Thursday, September 27, 2012

Learning Strategies for Engineers - Part 2

In part 1 of this series I covered some strategies for building your technical skills as an engineer.  Part 2 is going to be more about soft skills and improving personal relationships.  Let's get into it.


Use GTD or Some Other System:

Getting Things Done is a personal management system that allows you to keep track of all your commitments, and "close the loop" on tasks you personally have to do as well as tasks that you have delegated to others.  The primary goal is to boost productivity, but just as important is the goal to relieve  stress by making you secure in the knowledge that all of your responsibilities are under control.

GTD centers around this flow chart for processing incoming items:

Thursday, September 20, 2012

Learning Strategies for Engineers - Part 1

In my last weeks at Wayfair I gave a series of talks titled "Learning Strategies for Engineers" that were designed to kick off a peer to peer training program within the engineering group.  They were targeted at both new and experienced engineers, with the goal of giving people another another perspective on how to stay current in our field.  People seemed to enjoy these sessions, so I am reproducing the key points here.  Part 1 will cover technical skills and possible ways to grow them, while part 2 will focus on "soft skills" and interpersonal relationships.  I'm sure that many of these points will seem obvious, but hopefully some of it is useful.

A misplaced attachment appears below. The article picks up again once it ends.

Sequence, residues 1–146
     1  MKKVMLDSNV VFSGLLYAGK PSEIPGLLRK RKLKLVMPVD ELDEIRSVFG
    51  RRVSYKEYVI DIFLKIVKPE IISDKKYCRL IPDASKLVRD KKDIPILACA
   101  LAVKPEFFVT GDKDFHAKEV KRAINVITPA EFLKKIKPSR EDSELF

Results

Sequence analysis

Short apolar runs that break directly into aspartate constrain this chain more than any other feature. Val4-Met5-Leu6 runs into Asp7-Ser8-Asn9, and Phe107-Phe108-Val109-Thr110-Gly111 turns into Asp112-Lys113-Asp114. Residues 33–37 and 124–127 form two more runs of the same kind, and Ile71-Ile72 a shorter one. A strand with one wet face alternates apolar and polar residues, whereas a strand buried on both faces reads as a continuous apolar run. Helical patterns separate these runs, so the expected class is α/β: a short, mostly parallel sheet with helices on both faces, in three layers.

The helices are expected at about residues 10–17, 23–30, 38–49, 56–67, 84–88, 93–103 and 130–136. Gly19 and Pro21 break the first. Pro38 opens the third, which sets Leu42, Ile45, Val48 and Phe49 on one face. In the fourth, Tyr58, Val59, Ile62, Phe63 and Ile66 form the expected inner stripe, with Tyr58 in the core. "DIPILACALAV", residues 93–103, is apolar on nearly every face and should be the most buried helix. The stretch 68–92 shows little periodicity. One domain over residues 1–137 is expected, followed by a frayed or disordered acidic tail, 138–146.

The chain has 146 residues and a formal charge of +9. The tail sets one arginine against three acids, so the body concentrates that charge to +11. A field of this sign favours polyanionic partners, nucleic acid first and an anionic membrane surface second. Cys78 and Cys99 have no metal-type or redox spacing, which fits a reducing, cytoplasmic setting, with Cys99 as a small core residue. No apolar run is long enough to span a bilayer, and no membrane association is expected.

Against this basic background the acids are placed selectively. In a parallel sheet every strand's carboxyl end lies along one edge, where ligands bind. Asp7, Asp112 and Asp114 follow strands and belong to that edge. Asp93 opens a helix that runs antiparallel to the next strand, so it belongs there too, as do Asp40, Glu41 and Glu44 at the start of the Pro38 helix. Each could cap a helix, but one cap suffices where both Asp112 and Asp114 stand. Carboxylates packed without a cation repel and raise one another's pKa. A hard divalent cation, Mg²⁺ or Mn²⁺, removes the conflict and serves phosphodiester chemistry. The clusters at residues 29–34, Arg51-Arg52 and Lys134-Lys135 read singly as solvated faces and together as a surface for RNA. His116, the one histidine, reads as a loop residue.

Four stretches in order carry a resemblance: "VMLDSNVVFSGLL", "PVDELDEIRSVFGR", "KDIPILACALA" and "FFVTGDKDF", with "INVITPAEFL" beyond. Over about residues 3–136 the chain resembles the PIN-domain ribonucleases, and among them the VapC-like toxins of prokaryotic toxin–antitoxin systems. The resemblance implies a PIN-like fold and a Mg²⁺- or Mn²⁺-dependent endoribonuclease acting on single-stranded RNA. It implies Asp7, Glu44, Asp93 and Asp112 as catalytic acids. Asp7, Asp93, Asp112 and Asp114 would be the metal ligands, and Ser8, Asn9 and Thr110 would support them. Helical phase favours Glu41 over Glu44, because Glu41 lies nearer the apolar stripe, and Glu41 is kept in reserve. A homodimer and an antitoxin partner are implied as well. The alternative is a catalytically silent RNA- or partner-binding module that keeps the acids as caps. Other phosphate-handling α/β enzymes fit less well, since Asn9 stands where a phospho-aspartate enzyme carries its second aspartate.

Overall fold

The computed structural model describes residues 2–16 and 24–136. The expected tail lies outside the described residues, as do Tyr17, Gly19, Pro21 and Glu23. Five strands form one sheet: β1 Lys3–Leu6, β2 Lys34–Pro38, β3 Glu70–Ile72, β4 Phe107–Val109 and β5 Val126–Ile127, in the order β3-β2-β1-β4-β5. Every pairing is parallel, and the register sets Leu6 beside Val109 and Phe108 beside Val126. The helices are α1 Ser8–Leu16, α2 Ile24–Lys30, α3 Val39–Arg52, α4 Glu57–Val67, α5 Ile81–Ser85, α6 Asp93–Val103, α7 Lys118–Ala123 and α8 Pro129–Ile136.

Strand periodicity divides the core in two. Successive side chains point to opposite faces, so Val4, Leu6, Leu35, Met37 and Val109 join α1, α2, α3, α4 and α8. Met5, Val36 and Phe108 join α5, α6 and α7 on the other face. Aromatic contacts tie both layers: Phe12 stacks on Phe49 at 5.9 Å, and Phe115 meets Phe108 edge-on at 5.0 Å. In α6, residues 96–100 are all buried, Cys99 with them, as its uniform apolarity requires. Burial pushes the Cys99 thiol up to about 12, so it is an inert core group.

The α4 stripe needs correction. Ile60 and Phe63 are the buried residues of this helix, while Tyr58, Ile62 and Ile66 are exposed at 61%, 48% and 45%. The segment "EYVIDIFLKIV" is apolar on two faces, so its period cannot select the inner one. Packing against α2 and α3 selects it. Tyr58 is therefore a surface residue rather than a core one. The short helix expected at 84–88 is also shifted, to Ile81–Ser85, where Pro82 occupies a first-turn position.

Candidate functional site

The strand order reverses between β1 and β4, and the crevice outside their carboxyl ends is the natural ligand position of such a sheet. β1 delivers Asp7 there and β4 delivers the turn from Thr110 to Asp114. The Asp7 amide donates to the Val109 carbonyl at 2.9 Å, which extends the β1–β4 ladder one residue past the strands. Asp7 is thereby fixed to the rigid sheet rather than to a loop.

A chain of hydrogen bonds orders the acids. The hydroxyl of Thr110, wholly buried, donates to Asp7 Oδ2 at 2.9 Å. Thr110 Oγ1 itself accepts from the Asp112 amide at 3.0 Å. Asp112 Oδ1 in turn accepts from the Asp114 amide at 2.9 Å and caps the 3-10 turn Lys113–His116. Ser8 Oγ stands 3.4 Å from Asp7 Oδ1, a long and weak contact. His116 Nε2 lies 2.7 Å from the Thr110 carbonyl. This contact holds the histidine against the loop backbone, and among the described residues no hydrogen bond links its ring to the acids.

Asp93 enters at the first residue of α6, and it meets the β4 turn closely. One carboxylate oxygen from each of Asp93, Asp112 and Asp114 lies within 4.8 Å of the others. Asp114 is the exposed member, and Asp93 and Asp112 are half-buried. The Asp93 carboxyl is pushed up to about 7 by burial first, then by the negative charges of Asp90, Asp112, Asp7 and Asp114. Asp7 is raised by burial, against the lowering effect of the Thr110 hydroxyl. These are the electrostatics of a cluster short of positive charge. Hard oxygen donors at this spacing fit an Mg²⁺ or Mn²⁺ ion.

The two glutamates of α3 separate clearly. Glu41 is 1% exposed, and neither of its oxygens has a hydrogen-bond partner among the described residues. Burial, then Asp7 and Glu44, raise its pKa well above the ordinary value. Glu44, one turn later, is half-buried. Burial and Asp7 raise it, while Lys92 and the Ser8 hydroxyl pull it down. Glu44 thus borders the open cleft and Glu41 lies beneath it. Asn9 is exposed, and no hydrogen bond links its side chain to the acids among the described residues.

Read:

I subscribe to around 100 blogs in Google Reader, most of which are technical.  You can download the list with the non-technical blogs removed and import it directly into the RSS reader of your choice here.  I try to read everything that comes in, although I just scan some of the feeds (Slashdot in particular) for interesting items and then mark the rest as read.  My goal is to keep the unread count at zero, and though that is rarely the case I have found that I can stabilize it at under 100 unread items with a modest time investment (maybe an hour a day).  One important thing to note here is that I have made a rule with myself that when I add a feed I have to drop one - I don't want to fall into the trap where I spend all of my time reading technical literature and not enough time actually doing things.